Disqualification (boxing)

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A disqualification (abbreviated DQ) is a term used when a bout is stopped short of knockout or judges' decision because, intentionally, one or both contestants have repeatedly or flagrantly fouled an opponent or violated other rules. The disqualified boxer automatically loses the bout to the opponent. If both are disqualified, (termed a double disqualification) the result is usually declared a no contest regardless of round.

Most disqualifications happen for repeated intentional fouling such as headbutting, low blows, rabbit punches, biting and the like. Typically, a referee will first verbally warn offenders or direct a point deduction first before disqualifying a boxer. However, contestants may be disqualified without warning for particularly egregious conduct such as kicking a downed opponent, hair pulling, or using loaded gloves. Secondly, violation of other rules by a fighter's corner, such as cornermen entering the ring or striking the opponent can result in disqualification even though such behavior is not strictly under the fighter's control. Disqualification occurs solely at the referee's discretion and no fouled contestant is automatically entitled to such a result.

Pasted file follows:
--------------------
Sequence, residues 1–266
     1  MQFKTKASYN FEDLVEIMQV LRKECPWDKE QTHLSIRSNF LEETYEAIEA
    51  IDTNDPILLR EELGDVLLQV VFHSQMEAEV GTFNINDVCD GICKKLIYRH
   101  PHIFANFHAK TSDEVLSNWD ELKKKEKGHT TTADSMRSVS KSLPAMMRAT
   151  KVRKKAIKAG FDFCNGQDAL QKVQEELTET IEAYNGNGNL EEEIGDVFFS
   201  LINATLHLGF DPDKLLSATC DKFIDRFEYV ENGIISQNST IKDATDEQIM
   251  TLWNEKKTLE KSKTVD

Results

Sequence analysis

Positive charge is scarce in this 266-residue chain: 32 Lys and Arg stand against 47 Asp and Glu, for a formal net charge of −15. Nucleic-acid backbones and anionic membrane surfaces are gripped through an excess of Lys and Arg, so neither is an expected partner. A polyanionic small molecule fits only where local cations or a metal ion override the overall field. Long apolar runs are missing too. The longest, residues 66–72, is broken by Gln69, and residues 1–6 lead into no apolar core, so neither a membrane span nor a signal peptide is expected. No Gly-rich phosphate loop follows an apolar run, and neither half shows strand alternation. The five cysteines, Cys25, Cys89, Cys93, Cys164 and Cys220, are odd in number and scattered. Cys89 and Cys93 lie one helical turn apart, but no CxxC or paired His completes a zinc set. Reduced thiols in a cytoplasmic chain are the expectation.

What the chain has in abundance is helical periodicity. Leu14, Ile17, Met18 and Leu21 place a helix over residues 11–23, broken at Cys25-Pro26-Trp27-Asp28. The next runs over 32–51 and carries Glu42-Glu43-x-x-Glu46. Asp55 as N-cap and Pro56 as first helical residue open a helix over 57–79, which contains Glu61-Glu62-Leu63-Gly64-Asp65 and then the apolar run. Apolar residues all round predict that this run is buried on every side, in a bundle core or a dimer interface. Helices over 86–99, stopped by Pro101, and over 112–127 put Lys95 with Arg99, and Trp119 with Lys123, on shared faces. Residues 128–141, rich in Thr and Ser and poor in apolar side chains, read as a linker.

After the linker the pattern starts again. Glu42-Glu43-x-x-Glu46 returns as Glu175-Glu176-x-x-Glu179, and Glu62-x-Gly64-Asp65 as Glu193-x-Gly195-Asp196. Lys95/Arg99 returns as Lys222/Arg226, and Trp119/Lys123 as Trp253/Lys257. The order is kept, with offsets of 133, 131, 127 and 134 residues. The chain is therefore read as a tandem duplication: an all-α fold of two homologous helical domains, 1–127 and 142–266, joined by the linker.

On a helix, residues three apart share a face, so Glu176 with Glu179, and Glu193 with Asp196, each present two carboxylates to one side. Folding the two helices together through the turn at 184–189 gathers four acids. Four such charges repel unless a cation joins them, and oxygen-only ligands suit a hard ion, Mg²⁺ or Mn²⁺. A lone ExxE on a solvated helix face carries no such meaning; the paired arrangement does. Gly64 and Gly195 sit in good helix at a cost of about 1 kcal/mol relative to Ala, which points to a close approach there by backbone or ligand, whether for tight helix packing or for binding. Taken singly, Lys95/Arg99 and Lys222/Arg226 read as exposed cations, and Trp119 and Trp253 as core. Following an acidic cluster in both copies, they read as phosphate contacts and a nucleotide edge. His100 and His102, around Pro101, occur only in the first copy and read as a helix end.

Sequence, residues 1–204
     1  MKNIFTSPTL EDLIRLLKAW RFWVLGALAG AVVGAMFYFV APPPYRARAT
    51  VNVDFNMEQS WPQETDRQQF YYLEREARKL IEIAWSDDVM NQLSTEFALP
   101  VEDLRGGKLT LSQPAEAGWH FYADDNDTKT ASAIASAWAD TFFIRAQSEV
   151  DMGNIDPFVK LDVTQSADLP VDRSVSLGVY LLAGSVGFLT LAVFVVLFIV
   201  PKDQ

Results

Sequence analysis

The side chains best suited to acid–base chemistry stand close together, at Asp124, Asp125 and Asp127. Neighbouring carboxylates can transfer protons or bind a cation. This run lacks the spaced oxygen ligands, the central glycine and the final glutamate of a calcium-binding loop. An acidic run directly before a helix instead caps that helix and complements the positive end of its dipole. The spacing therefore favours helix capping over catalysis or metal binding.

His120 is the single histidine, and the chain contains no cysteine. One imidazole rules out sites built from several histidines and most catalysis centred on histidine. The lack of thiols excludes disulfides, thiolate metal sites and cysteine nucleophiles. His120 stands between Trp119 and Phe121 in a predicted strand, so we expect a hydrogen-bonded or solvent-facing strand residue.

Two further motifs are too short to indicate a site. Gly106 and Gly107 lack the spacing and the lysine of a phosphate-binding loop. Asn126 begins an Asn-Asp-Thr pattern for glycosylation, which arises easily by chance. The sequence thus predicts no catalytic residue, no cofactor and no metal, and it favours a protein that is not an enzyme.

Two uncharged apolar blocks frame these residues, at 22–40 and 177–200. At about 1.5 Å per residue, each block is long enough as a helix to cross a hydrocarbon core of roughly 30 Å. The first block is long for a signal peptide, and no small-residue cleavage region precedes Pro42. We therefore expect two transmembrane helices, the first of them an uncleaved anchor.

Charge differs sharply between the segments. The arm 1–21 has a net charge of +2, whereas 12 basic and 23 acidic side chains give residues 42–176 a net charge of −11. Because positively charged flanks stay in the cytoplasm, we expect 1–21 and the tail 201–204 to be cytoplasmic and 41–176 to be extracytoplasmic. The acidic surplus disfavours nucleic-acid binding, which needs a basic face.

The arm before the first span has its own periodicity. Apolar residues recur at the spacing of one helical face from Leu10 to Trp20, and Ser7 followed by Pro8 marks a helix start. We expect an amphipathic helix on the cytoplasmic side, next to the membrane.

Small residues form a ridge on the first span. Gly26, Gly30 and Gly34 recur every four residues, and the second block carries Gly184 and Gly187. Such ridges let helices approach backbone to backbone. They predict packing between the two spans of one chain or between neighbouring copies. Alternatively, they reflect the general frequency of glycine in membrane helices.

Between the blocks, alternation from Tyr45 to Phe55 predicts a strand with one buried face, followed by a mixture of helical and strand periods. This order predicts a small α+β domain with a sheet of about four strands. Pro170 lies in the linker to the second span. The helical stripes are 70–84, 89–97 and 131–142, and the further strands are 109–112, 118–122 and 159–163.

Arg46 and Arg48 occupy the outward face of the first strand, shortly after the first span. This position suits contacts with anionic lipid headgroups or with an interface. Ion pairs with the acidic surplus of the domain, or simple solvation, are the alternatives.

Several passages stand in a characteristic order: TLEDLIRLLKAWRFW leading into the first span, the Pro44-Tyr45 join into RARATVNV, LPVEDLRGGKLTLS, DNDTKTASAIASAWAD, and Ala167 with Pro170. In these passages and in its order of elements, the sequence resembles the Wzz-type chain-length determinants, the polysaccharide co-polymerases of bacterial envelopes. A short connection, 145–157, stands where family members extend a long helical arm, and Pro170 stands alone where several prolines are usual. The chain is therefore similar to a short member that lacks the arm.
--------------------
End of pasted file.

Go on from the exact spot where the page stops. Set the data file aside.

Examples[edit]

A famous DQ in boxing occurred in the 1997 Holyfield-Tyson II match, when Mike Tyson was disqualified in the 3rd round for repeatedly biting Evander Holyfield's ear.